MAT118 Review for Midterm II
Material from Week 3
Understand how to construct Pascal's triangle (see
notes). Understand the
relation between the triangle and the coefficients
in $(a+b)^n$ (Binomial Theorem, in notes).
Be able to explain why the sum of the numbers in row $n$ is $2^n$,
and their alternating sum is $0$.
Material from Week 4
Understand the "dominoes" solution to the Königsberg bridge
problem (see page 389). Be able to determine by inspection if a graph admits
an Euler circuit (no vertices of odd degree; Theorem on page 394),
or if it admits an Euler path (two vertices of odd degree;
Mindscape 21 on page 398).
If a graph admits an Euler circuit, be able to describe the circuit
by numbering the edges and listing them as they occur in the circuit.
Same for an Euler path. See instructions on pages 392-393.
Material from Week 5
Understand that a connected planar graph must satisfy Euler's Theorem:
$V-E+F=2$, where $V$ is the number of vertices, $E$ the number of
edges, and $F$ the number of planar regions separated by the edges
of the graph. Remember to count the outside as one of the regions
Understand that if a planar graph has $C$ connected pieces, then
it satisfies $V-E+F=C+1$ (Mindscapes 26, 27, 28 page 411).
Understand the correspondence between the vertices, edges and regions
of a planar graph and the vertices, edges and faces of a graph
drawn on a sphere (page 406). So these must satisfy $V-E+F=2$.
Understand how all five regular polyhedra correspond to graphs on a
sphere (see Mindscape 25 on page 411); know their names and be able
to check that they satisfy $V-E+F=2$.
Understand how to draw the dual of a planar graph, or of one on a
sphere: a dual-vertex inside each face; a dual-edge between
dual-vertices if the corresponding faces share an edge (the dual-edge
intersects this edge in one point and does not intersect any
other edge); a dual-face corresponding to each vertex: its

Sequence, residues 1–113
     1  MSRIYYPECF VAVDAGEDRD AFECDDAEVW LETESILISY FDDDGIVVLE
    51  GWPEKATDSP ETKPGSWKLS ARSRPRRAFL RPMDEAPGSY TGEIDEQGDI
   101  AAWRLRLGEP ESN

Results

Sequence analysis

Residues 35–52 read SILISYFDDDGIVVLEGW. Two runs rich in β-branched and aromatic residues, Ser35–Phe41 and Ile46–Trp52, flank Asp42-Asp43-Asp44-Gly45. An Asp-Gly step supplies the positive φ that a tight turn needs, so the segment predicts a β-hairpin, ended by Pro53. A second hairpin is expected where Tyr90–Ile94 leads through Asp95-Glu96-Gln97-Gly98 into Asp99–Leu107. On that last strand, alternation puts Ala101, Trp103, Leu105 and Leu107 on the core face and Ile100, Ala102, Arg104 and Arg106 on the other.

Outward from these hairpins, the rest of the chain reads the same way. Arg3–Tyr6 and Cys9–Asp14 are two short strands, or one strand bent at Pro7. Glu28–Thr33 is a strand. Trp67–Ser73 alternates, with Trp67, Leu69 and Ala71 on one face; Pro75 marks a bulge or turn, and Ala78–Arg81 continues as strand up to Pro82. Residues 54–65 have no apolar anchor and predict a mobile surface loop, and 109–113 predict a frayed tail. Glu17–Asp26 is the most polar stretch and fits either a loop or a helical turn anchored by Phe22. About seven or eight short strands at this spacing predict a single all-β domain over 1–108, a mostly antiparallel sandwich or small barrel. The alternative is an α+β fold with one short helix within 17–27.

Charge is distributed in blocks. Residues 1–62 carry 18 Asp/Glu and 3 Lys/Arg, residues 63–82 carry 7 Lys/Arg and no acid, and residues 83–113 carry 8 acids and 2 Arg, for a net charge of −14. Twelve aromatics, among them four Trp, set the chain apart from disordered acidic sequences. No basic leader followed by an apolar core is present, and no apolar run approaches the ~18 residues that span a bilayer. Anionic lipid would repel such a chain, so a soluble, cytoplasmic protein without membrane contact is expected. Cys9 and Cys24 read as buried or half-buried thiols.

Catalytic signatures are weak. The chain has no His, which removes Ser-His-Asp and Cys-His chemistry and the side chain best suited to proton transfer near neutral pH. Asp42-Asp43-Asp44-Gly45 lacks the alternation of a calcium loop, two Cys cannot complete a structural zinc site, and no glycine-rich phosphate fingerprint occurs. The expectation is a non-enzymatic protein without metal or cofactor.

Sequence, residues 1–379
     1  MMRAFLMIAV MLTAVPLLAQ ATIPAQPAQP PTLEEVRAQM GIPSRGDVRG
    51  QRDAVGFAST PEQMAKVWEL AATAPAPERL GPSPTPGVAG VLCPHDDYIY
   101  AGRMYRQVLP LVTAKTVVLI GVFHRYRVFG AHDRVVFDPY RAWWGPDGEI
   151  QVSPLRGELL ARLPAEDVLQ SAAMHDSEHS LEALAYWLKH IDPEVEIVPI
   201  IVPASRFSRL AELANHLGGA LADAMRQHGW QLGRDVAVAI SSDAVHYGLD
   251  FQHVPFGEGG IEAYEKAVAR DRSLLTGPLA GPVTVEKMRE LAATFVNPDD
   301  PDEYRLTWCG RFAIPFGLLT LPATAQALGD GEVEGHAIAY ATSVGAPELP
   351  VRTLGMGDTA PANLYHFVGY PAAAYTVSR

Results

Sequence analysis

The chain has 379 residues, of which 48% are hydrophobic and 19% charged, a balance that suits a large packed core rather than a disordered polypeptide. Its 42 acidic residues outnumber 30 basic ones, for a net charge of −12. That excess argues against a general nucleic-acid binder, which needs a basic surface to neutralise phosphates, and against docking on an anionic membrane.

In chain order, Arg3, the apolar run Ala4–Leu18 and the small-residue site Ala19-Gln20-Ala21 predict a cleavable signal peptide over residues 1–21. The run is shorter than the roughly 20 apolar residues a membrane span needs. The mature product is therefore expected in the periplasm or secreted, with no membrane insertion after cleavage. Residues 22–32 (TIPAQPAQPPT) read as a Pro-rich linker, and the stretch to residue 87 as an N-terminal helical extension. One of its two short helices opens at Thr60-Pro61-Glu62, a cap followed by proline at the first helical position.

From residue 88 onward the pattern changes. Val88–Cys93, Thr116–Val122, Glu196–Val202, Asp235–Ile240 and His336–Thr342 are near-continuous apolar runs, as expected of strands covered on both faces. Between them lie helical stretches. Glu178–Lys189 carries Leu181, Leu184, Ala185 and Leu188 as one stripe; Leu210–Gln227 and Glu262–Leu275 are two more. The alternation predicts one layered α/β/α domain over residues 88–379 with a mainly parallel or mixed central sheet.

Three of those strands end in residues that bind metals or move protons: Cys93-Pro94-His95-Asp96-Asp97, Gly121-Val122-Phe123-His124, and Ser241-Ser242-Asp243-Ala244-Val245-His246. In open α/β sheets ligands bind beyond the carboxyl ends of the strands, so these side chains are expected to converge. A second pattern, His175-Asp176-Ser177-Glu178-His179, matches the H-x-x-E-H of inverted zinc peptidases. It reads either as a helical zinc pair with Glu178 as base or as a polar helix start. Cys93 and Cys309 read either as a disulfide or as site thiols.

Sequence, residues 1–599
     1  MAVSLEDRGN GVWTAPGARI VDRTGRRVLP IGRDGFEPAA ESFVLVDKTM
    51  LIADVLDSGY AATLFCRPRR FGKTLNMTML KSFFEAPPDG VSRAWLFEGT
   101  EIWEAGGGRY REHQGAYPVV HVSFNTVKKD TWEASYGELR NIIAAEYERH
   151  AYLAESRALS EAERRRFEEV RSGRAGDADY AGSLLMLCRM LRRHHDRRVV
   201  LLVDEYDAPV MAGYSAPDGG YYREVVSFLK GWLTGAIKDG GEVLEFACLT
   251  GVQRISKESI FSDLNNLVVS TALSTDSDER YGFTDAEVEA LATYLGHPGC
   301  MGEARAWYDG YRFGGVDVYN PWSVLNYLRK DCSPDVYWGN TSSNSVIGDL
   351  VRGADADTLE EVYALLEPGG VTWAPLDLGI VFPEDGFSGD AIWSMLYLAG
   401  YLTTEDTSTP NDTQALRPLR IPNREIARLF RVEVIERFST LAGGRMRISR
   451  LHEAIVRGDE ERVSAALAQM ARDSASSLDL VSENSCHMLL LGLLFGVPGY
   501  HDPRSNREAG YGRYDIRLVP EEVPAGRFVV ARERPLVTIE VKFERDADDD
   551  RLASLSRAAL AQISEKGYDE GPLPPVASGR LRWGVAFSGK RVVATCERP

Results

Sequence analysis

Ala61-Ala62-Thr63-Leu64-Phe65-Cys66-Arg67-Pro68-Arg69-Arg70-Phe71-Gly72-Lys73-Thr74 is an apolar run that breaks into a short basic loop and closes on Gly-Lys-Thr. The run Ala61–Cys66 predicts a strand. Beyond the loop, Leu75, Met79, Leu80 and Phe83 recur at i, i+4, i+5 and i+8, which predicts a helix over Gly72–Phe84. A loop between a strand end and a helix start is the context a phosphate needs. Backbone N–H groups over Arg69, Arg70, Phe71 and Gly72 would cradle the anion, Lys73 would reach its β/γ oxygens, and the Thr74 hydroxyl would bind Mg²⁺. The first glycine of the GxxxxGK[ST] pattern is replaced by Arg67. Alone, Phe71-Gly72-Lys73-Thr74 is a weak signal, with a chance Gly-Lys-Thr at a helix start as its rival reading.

dual-edges correspond exactly to the edges issuing from that vertex.
Understand that the dual of a peninsula edge (page 419) is a dual-edge loop
based at the dual-vertex corresponding to the region the peninsula
sticks into. And conversely the dual of a loop is a dual-edge peninsula
with its tip at the dual-vertex corresponding to the region
enclosed by the loop.
A planar graph and its dual.
Understand that with this construction the dual of a tetrahedron
(4 vertices, 4 triangular faces, each vertex belongs to 3 edges) is again
a tetrahedron. That the dual of a cube (8 vertices, 6 square faces, each
vertex belongs to 3 edges) is an octahedron (6 vertices, 8 triangular faces,
each vertex belongs to 4 edges). And that the
dual of a dodecahedron (20 vertices, 12 pentagonal faces, each
vertex belongs to 3 edges) is an icosahedron (12 vertices, 20 triangular faces,
each vertex belongs to 5 edges). And vice-versa, since the dual of
the dual gets back to the original graph. Duality for regular
polyhedra is explained in section 4.5.
Material from Week 6
Understand that the (3 houses, 3 utilities) problem amounts to asking
if there exists a planar graph with two sets of vertices $A, B, C$
and $X, Y, Z$, and edges $XA, XB, XC, YA, YB, YC, ZA, ZB, ZC$. "Planar"
means in particular that one edge cannot intersect another. (Of course,
they are allowed to meet at vertices). And asking if the pentagram
(5 vertices, all 10 possible edges) can be drawn without edges
intersecting is asking if there exists a planar graph with vertices
$A, B, C, D, E$ and edges $AB, AC, AD, AE, BC, BD, BE, CD, CE, DE$.
Be able to explain why, for a connected, planar graph with no loops
and no multiple edges, the number $E$ of edges and the number $V$
of vertices must satisfy $E \leq 3V-6$ (page 419). This rules out
the pentagram. Also understand that for a bipartite graph
like the (3 houses, 3 utilities) the inequality becomes $E \leq 2V-4$
(page 420). This shows the 3 houses cannot be connected to the
3 utilities without one of the lines crossing. Use Mindscapes 1-16
on pages 428-30 for review.